Revamping lighting setup - input on mixing UV and LED ideas

MoreCowbellAz

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Sep 19, 2019
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49
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Phoenix, Az
My 18 month old DT lives in the below enclosure, 3‘ x 4‘. Eventually she will have an outdoor habitat but for now it’s indoors, although I take her outside nearly every day for as long as she wants to be out there, that’s usually 30 to 60 minutes per day. The lighting in her enclosure is good (I think), but I’m thinking of making some refinements. It’s probably “ok” now with no major deficiencies, I just want to make it the best I can as I learn.

Pics are below: The enclosure is in a pretty bright and sunny room, and the lighting fixtures L to R are incandescent basking bulb, LED bulb, and CHE for the winter. The black thing is a 24” Zoomed UVB T8 10.0 tube on aluminum rails so it’s movable. So basically the enclosure has a warm and a cold side, a basking spot, and an area that gets UVB from the tube. I leave all of the lights on 12 to 14 hours a day.

My issue with the above set up is the existing UVB tube doesn’t cover the majority of the area in the enclosure, so depending on where my DT goes she may or may not be getting UVB. I’d like a larger area. Also I don’t like having to keep the UVB hood so low to get the proper reading, it obstructs my view and it is cumbersome when I need to do something in the enclosure. I’m thinking something that I could raise higher would fix both issues.

My idea is to replace the existing 24” UVB tube with an Arcadia 35” T5 HO which i would have on IDK maybe 4-6 hrs a day, and along side it a similar size LED strip for regular lighting on all day since the UVB would only be on part time and I don’t want the enclosure to be too unlit. I see Arcadia has LEDs asimilar size to the UVB, but maybe that’s overkill.

With this type of set up it would seem I’d have a much larger area that gets UVB, and would have nice bright lighting throughout the enclosure for when the UVB is off. And as a side benefit everything is raised up a bit and I can enjoy a better view looking into the enclosure. There would still be shady spots, and I’d still use the basking bulb all day every day, and the CHE in the winter.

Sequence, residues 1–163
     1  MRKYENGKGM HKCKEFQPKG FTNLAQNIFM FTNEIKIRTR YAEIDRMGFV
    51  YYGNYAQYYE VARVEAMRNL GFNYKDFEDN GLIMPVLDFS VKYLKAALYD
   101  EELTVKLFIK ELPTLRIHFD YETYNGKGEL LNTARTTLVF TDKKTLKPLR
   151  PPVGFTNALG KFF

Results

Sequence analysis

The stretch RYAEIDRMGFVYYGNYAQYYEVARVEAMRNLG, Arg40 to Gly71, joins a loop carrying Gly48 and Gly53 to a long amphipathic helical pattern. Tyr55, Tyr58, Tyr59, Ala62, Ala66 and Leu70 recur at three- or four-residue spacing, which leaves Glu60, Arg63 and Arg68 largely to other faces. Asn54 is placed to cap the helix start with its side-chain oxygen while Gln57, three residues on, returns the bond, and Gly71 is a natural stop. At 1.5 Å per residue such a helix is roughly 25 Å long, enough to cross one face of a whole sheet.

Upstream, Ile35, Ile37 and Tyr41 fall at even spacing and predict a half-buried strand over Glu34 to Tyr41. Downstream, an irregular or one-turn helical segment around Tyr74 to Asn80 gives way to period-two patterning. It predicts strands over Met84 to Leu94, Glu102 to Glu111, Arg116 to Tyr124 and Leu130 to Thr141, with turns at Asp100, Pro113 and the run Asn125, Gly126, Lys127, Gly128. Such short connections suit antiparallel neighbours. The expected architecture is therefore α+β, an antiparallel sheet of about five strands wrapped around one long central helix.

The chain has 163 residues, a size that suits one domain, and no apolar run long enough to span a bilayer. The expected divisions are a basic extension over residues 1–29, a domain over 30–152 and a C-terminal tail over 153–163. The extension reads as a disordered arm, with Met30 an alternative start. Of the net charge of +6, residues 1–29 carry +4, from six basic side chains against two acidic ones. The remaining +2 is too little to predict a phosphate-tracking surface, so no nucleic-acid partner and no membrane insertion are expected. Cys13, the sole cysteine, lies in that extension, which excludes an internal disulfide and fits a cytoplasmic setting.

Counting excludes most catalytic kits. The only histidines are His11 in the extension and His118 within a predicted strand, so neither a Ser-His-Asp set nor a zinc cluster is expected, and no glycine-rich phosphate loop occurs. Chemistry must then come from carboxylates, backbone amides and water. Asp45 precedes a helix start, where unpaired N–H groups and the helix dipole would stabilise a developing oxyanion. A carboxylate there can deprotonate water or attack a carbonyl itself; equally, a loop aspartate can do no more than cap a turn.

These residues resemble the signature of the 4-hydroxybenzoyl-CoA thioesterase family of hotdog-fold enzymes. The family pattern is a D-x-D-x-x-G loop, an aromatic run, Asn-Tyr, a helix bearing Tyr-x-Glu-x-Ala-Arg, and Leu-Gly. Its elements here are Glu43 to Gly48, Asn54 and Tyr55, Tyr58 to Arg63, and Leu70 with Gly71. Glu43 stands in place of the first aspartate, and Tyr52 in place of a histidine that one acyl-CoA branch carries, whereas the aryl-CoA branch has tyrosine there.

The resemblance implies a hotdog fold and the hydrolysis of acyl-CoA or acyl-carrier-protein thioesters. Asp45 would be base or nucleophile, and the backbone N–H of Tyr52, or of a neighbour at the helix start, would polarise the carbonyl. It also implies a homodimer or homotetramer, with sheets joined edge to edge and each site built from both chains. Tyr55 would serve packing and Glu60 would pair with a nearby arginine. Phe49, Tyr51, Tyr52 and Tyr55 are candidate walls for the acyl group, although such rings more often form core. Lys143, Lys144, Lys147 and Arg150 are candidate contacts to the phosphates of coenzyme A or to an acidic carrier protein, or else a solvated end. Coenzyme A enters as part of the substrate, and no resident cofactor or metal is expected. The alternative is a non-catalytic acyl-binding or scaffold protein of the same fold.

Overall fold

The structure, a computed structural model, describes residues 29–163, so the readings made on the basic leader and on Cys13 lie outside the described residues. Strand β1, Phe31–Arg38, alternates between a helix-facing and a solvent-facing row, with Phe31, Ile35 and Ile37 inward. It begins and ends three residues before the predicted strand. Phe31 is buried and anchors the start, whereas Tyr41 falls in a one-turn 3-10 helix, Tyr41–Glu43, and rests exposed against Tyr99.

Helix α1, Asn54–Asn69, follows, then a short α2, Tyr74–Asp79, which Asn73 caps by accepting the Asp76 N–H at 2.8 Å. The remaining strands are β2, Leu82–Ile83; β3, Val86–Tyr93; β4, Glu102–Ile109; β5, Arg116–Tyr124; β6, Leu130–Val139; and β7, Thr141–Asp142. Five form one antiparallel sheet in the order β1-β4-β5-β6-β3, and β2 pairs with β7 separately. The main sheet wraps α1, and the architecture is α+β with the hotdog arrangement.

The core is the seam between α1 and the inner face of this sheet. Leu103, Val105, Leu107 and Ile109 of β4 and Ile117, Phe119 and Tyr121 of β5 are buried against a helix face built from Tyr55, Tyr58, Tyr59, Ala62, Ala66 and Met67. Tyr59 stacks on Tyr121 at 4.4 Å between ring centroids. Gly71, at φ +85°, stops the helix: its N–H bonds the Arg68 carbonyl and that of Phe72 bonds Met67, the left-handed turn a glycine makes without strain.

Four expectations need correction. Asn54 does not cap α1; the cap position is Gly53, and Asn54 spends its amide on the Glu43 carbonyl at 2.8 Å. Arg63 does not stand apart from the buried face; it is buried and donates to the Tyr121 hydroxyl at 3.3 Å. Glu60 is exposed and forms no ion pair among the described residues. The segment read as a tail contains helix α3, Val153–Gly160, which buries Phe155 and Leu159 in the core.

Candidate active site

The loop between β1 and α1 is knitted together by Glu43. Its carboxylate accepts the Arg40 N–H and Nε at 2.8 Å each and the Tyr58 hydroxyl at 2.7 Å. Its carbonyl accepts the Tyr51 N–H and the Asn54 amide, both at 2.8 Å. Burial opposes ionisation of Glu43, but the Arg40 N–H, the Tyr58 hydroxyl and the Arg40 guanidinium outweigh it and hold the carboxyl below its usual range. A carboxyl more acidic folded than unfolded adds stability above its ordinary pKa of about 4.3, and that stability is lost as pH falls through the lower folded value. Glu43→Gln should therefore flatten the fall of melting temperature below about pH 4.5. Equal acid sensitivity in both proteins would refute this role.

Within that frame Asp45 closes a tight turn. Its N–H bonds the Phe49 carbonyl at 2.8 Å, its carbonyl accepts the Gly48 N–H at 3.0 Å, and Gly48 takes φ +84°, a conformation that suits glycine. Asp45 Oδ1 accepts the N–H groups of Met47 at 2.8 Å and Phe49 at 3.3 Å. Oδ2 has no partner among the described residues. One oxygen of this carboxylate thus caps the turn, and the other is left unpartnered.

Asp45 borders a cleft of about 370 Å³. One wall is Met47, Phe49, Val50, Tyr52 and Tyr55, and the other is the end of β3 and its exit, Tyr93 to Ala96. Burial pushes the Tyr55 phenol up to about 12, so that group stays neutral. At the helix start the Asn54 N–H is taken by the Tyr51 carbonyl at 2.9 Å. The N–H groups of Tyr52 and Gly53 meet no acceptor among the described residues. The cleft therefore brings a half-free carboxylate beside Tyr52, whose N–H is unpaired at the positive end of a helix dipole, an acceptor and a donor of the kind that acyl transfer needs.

Ok, does this sound like a reasonable idea, and what other options should I consider?

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TeamZissou

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Aug 23, 2020
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Albuquerque, NM
The UV doesn't need to cover the entire enclosure. They just need to be able to get in and out of the light as they please. T8 bulbs aren't as good for UVB, so it's probably a better idea to get a T5 HO as you suggest. The only real way to know the UV level and properly dial in the height is to use a Solarmeter 6.5 which registers UV Index (UVI). You want to adjust the height of the lamp and shoot for a UVI of about 3, and you only need to run it for about 1.5 hours midday.

For ambient lighting, search for a 6400k color temp LED grow bulb. They produce a high quality color spectrum, are very bright, and use a bit less power compared to fluorescent tubes. Agromax is one company that has decently priced bulbs that fit in a T5 fixture, so you'll need to buy the LED bulb and a T5 fixture for it, and you should be good to go.
 

Markw84

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I would not add a bigger UVB tube. The one you have works well in the configuration you have. The T8 10% at the lower height you have is really a good setup. I do not like to have the UVB tube be more the 1/2 the length of the enclosure. You want plenty of area that is not covered by UV just as you do not want a basking zone covering a large area of the enclosure. The tortoise needs a way to get away from the UV and basking area.

I would add another LED bulb or two to increase the total ambient light in the enclosure. As you find the stip lights block your access and view, you can simply add another dome with a 5000k -6000k LED bulb hanging over the enclosure to give better and brighter ambient. You could use a smaller dome for a LED bulb as well.

I would encourage you to add plenty of live plants to the enclosure. I don't know why most people seem to think a tortoise enclosure should be bare. No tortoise in the wild would ever choose to live in an area without plant cover. It increases humidity under the plant fronds and provides a natural shading and hide for the tortoise dramatically reducing stress.
 

MoreCowbellAz

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Joined
Sep 19, 2019
Messages
49
Location (City and/or State)
Phoenix, Az
Yeah I’ve been working on the plant thing, my problem has been getting things to grow in there. Light or heat, not sure, but I’ve been having a tough time. Plus I wanted some things she could nibble on too. I have some things germinating now in fact, will try again.
 
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